The presenter of KALW 91.7 San Francisco's Music from Other Minds Richard Friedman has posted a perceptive comment on my post about Seda Röder's new CD of contemporary Turkish piano music. In it Richard asks how is it possible for deserving music such as this to reach an audience today? Which chimes with the view expressed by Bálint András Varga in his introduction to Three Questions for Sixty-Five Composers:
In addition, the interviews highlight...the tremendous significance of the radio as a provider of inspiration. Nowadays when radio stations are starved of financial resources and tend to ignore minority interests (which contemporary music no doubt represents), the statements of many composers regarding the fundamental role music broadcasts have played in their lives ought to make editors stop to ponder whether they are doing the right thing.The first of the three questions which Bálint András Varga directs to sixty-five leading contemporary composers is:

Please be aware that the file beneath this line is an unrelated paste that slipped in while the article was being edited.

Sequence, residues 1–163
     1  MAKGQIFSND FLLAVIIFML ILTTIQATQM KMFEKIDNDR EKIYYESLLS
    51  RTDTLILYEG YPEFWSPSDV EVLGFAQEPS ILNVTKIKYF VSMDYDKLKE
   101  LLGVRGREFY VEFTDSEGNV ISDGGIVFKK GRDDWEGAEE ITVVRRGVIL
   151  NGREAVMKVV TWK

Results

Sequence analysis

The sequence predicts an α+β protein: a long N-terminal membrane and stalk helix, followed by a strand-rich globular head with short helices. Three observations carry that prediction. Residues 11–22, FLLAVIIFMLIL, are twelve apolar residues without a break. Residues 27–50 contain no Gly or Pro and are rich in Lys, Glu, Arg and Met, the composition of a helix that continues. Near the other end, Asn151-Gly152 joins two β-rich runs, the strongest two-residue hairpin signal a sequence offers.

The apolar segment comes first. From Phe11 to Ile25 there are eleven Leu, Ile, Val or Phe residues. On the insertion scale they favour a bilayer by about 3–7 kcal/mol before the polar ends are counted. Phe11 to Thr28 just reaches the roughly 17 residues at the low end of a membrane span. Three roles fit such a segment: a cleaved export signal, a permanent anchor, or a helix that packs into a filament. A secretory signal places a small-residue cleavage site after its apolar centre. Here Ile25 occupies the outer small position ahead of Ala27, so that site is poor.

Have you had an experience similar to Witold Lutoslawski's? He heard John Cage's Second Piano Concerto on the radio - an encounter which changed his musical thinking and ushered in a new creative period, the first result of which was his Jeux vénitiens.Instead of making this post yet another lament for the good old days of radio let's turn it into a celebration of the power of the medium. Lutoslawski heard Cage on the radio and the direction of contemporary music changed. Are any readers prepared to share similar but more modest encounters that changed their musical thinking? Here is my starter for ten - driving to work in 1975 I was knocked sideways by the music that was being played on BBC Radio 3. It was Edmund Rubbra's Fifth Symphony. That chance encounter with a composer I was not familiar with took me down a musical path that has resonated far beyond this little blog. Have you had a similar experience?
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